Steamy summer weather is here in Minnesota. This is the time I am glad to not need a pair of hot running shoes. The ground is soaked and very easy to run on right now, but still, I stick to pavement most of the time. The path around Lake Harriet, where I run most often, has a dirt trail next to the pavement, but I don't see the appeal of running on that path. I've seen more runners injure themselves, tripping on the rocks and roots that stick out here and there. It's not an official trail, just a path worn from years of "off-roading" by probably thousands of walkers and runners over the years.
Puddles are a fun challenge now. I have to admit I do take great pleasure in plowing straight through a puddle, zipping past the runners who delicately step around the edges in an effort to avoid getting their shoes wet. I'll slow down if someone is too close, so as not to splash anyone, but it is fun to go full bore without losing stride. Of course, this is a path I'm very familiar with. Splashing into a puddle full speed without knowing what lurks below could be dangerous.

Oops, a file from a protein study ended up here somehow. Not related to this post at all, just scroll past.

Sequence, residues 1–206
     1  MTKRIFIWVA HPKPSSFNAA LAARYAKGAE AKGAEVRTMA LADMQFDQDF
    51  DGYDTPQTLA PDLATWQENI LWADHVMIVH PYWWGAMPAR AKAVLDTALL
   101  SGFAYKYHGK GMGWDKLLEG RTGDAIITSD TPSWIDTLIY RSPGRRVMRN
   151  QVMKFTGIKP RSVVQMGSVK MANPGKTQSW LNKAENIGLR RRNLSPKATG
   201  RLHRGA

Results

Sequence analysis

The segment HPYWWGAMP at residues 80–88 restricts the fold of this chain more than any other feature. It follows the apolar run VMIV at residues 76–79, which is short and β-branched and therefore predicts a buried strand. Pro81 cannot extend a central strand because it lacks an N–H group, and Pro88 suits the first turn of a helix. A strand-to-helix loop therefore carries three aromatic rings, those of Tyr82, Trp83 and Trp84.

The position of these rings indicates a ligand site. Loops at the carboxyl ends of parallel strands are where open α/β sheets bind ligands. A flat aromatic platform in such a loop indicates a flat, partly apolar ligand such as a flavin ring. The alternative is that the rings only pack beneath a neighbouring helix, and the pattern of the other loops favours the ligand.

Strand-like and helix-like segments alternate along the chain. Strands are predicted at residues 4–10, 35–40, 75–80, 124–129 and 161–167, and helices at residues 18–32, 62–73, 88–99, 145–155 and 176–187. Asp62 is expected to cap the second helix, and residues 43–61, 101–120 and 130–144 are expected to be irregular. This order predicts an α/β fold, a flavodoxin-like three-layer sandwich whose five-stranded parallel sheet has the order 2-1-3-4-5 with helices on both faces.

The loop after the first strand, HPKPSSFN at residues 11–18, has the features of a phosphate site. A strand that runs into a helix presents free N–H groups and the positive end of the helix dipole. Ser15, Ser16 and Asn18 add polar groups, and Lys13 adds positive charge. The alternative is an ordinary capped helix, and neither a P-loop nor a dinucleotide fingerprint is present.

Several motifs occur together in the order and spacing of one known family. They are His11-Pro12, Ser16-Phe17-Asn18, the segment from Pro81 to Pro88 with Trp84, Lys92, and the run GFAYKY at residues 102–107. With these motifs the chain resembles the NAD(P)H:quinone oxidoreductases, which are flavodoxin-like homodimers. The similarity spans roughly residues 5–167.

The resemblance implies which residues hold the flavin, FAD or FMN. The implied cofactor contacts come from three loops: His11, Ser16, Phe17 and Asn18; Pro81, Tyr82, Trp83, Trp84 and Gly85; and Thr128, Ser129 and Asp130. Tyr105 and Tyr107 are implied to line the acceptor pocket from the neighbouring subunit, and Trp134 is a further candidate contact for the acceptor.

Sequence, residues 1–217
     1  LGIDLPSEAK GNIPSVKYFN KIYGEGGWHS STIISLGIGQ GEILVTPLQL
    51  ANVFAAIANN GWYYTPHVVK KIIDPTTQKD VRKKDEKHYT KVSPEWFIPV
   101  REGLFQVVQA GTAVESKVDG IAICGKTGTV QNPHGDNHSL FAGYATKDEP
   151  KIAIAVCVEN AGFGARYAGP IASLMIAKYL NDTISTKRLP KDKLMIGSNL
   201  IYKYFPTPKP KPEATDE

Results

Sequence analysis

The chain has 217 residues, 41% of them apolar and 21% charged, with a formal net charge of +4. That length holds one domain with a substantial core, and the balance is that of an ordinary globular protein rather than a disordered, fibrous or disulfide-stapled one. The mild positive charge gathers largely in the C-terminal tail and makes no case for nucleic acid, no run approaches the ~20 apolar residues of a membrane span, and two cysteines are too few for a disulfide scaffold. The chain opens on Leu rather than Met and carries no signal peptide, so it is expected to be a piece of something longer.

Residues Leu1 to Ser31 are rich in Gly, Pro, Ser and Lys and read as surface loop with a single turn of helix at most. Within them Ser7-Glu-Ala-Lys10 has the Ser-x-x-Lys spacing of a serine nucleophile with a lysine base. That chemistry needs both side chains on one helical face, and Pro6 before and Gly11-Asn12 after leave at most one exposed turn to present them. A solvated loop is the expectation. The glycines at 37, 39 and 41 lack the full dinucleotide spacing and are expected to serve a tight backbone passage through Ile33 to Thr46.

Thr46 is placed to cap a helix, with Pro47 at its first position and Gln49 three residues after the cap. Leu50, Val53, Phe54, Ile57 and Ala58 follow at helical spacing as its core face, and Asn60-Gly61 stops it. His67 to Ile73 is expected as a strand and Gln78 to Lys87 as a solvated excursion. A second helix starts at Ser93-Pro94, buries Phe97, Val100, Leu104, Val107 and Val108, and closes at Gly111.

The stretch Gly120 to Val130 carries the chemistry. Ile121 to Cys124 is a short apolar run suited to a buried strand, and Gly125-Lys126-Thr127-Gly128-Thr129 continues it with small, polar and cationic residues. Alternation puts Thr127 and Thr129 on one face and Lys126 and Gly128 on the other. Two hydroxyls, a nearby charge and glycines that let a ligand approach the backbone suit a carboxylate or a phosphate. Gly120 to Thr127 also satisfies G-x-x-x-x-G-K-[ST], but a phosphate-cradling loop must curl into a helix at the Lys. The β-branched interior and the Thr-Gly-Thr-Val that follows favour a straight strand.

I've begun to stop to talk to people if they have expressed an interest. Usually this is when I take a break at the drinking fountain, but once, I stopped when a woman walking in the opposite direction asking me how long I had been running barefoot. Many are surprised to find that I have not read "Born to Run," and perhaps even more so that I express doubt about much of the supposed scientific evidence regarding the benefits of barefoot running. I also tell them, that, for me, barefoot running is like smoking is for others. That is, that I would do it even if I knew it was killing me. To their questions about why I do it, the answer is simple. I love to run, and I hate wearing shoes.
Running barefoot is something I approach with an odd mix of caution and reckless abandon. I do worry about getting hurt. I've learned the pain that small rocks can inflict when I hit them with my heal, or the sharp edges of a broken stick. I'm not convinced that running barefoot helps my knees, and I'm quite certain that I could develop achilles heel problems if I'm not careful. The reckless abandon part? Just let a shod runner try and pass me. There are a few who can, but most learn quickly, if reluctantly, that just because I don't have shoes, doesn't mean I'm slow.
Settling in for the summer
Blog entry posted by TD Moose, Jun 25, 2013.
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